The exercise of assigning tasks and delegating responsibilities involves much more than just telling people what to do. It’s about aligning the right person with the right task. Allow the people who work with you to exercise their talents and grow by giving them the space to thrive. This may mean handing over some of the things you are used to handling, but a fresh perspective from a new person can be both beneficial and, over time, profitable. When you refuse to delegate, you may be keeping control of something that would be better off in someone else’s hands — don’t be afraid to let others lead, create and grow.

It is impossible to delegate if you are not working with people you trust or who are not committed to the well-being of your business. Strive to hire well and implement the right training, and over time, you can delegate to people you know will work diligently to do their tasks well. If you feel like you are always running on empty and never able to catch up, it may be time to evaluate what aspects of your business you can delegate. Lightening your load is not only smart for your peace of mind, but it can free you up to brainstorm, develop new services and focus on other aspects of your business that may need your attention.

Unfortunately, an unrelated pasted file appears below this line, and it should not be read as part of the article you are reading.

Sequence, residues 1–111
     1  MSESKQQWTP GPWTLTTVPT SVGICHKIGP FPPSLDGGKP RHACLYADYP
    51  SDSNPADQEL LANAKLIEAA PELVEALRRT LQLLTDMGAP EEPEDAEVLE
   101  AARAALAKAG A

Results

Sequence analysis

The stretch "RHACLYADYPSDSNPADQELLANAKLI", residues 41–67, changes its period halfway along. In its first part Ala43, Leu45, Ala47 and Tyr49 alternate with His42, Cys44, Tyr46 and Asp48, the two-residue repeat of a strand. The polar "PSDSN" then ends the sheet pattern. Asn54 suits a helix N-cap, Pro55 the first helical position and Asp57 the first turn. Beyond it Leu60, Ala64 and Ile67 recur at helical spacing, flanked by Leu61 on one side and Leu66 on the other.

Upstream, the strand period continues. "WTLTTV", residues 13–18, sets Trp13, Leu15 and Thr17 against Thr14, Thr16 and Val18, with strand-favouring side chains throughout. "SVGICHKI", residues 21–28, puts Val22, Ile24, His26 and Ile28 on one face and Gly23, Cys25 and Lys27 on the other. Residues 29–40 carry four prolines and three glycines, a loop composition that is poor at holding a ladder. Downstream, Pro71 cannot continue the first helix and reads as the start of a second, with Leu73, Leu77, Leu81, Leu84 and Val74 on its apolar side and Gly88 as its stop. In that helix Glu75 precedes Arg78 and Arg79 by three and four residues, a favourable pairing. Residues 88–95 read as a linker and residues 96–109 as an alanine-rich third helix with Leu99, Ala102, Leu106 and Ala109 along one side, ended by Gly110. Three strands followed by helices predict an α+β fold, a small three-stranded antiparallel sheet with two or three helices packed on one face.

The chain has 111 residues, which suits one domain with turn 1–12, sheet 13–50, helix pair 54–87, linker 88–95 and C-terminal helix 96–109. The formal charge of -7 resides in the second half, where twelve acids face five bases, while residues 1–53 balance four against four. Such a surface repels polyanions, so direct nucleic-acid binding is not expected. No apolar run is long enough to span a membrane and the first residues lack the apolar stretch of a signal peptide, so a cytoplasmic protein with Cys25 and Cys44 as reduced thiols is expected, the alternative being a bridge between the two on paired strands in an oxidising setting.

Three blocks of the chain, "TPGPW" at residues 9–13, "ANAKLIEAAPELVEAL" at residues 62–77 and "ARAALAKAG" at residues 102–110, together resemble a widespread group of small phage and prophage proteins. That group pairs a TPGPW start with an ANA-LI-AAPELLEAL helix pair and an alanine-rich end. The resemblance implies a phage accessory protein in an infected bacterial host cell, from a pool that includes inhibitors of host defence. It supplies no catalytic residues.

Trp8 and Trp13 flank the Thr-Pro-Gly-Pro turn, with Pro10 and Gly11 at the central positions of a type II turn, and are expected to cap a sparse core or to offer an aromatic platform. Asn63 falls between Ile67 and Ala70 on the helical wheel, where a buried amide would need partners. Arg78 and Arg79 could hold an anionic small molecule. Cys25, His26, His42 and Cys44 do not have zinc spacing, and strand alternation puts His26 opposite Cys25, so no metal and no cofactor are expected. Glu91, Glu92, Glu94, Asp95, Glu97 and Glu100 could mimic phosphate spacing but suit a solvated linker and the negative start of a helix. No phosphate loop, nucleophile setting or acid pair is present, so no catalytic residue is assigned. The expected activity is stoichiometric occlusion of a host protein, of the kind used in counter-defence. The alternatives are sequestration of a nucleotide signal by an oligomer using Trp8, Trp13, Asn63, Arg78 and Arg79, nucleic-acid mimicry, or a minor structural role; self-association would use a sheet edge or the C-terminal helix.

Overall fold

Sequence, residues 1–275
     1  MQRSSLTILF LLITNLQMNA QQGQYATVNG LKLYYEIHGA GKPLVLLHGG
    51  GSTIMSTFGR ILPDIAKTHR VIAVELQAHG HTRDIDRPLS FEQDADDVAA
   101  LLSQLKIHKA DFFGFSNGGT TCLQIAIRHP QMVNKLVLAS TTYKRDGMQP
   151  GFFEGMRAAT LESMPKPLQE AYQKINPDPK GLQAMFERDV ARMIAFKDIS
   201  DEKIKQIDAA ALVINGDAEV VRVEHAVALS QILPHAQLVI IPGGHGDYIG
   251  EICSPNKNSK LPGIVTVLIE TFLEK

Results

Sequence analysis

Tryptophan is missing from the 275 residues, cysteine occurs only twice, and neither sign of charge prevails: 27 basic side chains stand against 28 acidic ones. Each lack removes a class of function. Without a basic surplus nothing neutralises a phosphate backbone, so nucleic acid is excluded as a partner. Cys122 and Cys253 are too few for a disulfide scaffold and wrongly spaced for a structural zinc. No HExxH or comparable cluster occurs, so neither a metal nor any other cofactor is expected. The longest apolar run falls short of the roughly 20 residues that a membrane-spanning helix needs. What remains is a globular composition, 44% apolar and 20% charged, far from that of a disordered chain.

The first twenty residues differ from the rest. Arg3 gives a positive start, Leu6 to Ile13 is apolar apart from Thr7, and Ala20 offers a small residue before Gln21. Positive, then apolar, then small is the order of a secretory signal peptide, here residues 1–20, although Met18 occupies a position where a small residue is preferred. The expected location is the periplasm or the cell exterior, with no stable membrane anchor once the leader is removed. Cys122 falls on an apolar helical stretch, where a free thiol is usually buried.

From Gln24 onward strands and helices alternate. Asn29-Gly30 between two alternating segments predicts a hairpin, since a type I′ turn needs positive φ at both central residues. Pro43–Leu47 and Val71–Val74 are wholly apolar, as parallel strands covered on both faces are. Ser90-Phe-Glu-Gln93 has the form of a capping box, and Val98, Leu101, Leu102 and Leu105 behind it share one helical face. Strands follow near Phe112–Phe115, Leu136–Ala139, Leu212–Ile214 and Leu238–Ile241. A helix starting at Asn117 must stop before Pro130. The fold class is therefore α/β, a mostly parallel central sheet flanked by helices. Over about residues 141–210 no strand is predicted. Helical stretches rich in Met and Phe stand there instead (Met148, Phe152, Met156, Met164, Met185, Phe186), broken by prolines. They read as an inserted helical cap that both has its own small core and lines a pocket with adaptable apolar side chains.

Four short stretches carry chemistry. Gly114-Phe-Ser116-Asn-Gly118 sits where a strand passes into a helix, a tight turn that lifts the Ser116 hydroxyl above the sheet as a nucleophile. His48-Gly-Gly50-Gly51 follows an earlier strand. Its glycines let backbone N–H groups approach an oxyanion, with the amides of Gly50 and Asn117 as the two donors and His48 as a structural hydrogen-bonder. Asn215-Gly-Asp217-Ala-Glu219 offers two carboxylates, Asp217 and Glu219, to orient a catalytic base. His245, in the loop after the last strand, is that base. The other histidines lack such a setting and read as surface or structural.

By Meagan Kerlin for Vertu Marketing LLC

Common Business Traps And How Avoid Them


Starting a business is risky, and it is important to do everything in your power to minimize your exposure to risks and issues in every way possible. Many entrepreneurs end up starting business organically — allowing a hobby, talent or idea to slowly develop into a venture that actually pays. Whether you are jumping in with both feet with an official launch or your business sort of grew slowly into what it is today over time, it is smart to take heed of common business traps and work to avoid them.

It is an unfortunate reality that a large portion of small businesses fail. There are many reasons why so many are not successful, and it can be helpful to look at what might have gone wrong and how these companies may have survived had they made different choices. One of the most simple and common traps businesses fall into is choosing the wrong name. Your company name should be easy to remember and appealing as well as translatable across various markets as your company grows.

Another trap that catches some businesses is lacking a formal marketing strategy. When your business has seen a significant amount of growth through word of mouth and customer referrals, it can be difficult to see the importance of having a serious marketing plan. However, as you formalize your operations and attempt to reach new clients, it is smart to do this in a professional manner. When you have a strong marketing strategy, you can see significant growth for your business.